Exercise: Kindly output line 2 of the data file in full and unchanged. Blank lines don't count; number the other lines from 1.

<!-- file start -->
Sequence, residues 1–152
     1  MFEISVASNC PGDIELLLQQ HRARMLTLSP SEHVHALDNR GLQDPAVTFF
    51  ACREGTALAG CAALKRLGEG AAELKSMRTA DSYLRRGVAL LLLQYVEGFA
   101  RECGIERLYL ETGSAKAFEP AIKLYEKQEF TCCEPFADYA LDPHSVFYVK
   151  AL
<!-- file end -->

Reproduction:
     1  MFEISVASNC PGDIELLLQQ HRARMLTLSP SEHVHALDNR GLQDPAVTFF